Or the story about how one person had been working until 2 am, then sat down to write an article at about 3 am, so that they could meet the deadline for the day. Every one of these stories starts off in an almost identical manner.
In their world, article writing was all about struggle, about frustration and chaos. And then, 12 weeks later, every single one of the participants who’ve made it to the end point can write an outstanding article, complete in almost every respect.
And do so within that two-hour period. Some of them were taking days, one even took four weeks to write an article and yet at the end of the course those very same people were achieving the seemingly impossible in under two hours.
Not surprisingly, you do the same
In the early part of the 20th century, 1912 to be precise, tooth decay was a massive problem. People simply didn’t brush their teeth. They do so now, twice a day. In the USA, the Boy Scout handbook from the mid-1950’s had a section on personal hygiene.
It stated that ideally a boy should bathe twice a week and shampoo his hair once a week. What we’re doing today, all of us is achieving the seemingly impossible. We’re engaged in time-wasting activities; activities that were considered unimportant for almost of all human history. Our modern lives have made it easier to brush and shower, but you know the reason why we do what we do.
We’ve made it non-negotiable
Marsha’s reading, spelling, and solar system learning became terribly negotiable. The homework rushed in, took control of the evening and soon the important elements were swept away. And it’s not a lot different from what happens in our own lives.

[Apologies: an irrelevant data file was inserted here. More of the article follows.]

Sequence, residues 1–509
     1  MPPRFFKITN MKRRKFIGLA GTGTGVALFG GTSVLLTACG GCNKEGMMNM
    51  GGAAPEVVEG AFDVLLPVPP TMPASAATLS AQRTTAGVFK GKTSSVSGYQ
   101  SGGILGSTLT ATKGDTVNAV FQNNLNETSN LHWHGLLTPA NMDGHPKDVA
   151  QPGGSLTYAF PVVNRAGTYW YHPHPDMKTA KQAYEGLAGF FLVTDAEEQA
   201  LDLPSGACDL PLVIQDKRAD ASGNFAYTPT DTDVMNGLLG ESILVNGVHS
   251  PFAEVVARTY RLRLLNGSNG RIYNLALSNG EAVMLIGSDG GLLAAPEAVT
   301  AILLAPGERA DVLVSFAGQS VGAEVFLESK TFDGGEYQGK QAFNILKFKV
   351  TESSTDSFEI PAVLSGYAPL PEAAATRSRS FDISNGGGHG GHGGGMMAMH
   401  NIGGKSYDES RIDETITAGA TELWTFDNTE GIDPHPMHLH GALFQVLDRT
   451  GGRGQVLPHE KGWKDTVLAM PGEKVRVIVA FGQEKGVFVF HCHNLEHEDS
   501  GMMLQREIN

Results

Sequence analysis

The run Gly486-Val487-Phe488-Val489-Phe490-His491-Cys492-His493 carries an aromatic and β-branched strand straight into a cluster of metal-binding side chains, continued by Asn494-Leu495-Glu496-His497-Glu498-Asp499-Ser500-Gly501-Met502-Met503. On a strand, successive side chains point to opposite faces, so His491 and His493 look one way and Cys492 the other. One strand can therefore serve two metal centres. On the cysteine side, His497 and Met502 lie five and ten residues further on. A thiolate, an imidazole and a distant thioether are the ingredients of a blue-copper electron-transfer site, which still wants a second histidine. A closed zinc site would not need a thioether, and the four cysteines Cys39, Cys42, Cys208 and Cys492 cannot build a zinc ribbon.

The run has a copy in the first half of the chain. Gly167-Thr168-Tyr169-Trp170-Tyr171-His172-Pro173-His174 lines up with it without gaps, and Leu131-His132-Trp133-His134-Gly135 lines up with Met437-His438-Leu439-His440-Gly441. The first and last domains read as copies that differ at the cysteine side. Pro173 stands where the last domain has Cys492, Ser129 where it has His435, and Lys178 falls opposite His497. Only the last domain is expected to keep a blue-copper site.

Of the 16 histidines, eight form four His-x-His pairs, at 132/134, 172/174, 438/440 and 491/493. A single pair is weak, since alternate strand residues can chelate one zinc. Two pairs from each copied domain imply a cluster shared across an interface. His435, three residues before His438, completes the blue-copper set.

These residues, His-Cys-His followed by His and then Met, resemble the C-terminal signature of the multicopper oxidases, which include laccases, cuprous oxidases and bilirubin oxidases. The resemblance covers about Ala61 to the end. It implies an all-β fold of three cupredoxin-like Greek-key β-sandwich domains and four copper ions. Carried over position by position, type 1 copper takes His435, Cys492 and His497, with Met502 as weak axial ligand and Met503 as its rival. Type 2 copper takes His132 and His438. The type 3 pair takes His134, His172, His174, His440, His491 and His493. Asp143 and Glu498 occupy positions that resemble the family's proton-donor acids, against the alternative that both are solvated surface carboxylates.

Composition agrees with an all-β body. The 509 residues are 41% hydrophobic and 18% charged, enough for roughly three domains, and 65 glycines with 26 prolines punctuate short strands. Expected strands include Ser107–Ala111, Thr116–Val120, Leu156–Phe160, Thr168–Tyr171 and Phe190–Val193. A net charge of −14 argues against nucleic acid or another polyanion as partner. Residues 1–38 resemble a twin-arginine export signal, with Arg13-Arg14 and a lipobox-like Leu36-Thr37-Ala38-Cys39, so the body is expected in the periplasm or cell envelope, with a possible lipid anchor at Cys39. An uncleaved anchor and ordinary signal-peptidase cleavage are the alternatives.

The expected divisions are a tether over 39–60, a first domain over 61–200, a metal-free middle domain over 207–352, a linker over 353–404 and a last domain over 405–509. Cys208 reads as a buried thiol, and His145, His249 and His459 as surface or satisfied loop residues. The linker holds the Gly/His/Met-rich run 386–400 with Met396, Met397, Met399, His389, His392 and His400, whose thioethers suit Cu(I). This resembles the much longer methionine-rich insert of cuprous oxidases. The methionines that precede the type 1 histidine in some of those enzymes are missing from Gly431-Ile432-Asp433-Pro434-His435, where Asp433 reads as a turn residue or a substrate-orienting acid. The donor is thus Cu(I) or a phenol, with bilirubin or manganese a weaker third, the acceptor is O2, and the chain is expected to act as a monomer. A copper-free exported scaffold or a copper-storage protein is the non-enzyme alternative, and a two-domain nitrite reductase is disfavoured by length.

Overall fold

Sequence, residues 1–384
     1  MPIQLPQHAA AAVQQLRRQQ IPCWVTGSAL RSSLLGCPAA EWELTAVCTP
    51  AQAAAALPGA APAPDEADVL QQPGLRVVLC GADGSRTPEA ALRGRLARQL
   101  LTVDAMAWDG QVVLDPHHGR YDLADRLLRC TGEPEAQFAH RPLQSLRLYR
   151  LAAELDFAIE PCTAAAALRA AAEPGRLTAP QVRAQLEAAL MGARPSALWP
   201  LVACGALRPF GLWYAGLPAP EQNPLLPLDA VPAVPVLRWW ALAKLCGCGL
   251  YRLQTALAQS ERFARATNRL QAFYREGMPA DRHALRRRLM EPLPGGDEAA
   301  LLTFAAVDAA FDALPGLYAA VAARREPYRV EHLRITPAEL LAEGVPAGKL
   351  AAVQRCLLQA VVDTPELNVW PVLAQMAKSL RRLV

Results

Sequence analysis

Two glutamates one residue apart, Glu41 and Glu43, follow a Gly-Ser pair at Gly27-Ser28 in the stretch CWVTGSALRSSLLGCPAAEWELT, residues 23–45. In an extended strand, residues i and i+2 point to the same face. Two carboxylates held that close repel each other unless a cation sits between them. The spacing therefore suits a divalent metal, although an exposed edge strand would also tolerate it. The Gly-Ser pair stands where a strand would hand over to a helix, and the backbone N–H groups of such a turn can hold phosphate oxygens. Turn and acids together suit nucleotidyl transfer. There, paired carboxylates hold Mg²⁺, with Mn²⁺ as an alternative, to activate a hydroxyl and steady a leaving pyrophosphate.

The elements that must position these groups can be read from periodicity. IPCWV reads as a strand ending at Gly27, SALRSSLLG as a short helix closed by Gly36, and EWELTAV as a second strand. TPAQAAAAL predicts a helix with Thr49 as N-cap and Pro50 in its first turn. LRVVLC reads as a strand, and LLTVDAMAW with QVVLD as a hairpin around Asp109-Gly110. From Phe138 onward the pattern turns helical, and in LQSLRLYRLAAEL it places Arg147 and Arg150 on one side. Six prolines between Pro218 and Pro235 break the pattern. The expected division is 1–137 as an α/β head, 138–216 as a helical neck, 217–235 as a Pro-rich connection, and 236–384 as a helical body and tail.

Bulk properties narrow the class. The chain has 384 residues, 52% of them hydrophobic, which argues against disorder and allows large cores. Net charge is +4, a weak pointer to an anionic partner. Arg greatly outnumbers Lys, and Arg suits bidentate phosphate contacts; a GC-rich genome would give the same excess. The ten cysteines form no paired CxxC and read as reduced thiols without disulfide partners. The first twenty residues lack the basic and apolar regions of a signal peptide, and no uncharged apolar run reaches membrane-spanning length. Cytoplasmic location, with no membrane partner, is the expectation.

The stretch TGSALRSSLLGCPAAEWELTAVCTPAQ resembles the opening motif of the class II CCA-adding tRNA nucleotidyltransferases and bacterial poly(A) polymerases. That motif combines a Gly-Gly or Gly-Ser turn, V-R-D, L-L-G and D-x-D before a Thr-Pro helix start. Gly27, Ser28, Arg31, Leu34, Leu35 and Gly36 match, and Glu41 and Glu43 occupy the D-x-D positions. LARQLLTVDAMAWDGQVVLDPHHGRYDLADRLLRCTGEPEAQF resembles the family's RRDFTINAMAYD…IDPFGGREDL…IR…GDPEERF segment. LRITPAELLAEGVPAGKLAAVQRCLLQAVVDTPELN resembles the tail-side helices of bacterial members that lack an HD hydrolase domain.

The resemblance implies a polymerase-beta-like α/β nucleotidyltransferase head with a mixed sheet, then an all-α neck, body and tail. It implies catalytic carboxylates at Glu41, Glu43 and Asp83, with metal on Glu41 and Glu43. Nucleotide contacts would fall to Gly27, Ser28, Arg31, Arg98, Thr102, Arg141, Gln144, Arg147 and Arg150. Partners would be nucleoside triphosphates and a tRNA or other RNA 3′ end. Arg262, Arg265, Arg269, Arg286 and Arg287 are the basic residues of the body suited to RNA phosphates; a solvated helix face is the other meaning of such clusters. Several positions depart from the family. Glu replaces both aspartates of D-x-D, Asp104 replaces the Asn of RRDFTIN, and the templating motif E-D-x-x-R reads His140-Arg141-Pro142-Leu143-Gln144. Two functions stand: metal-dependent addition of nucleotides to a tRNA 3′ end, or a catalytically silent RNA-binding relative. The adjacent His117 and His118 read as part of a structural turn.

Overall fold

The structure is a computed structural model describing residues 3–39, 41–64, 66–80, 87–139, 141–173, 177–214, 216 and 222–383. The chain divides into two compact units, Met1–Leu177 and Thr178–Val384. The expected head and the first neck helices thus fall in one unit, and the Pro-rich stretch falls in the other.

We start off wanting to achieve precise goals, but suddenly a client dumps a truckload of work. And we’re off scampering.
The reason why the graduates of the Article Writing Course can write in under two hours is because they drew their line in the sand. They realised their assignments were non-negotiable. And that meant they got their reward in just 12 weeks.
At Psychotactics, we too have to make a few of our activities non-negotiable.
Renuka and I went for a walk as we almost always do every morning
We lead super-busy lives, and it does get a bit cramped when we’re about to go on vacation. That’s because we need to queue all the newsletters for the time we’re away. This applies to our membership site at 5000bc, Psychotactics, and the podcast. But not just for the time we’re away but also for at least a few weeks until we get back.
The vacation adds a dimension of chaos that’s abnormal
Yet we manage it quite well and do so every three months before we go on vacation. We had to take a similar sort of learning and apply it to Marsha as well. We had to make spellings, reading and learning about subduction zones non-negotiable.
Making something non-negotiable implies just one thing
You carve out a piece of time, and you put up a force field. Every other activity goes around that time. The participants on the Article Writing Course didn’t have two or three extra hours each day (they have to do other things on top of just writing).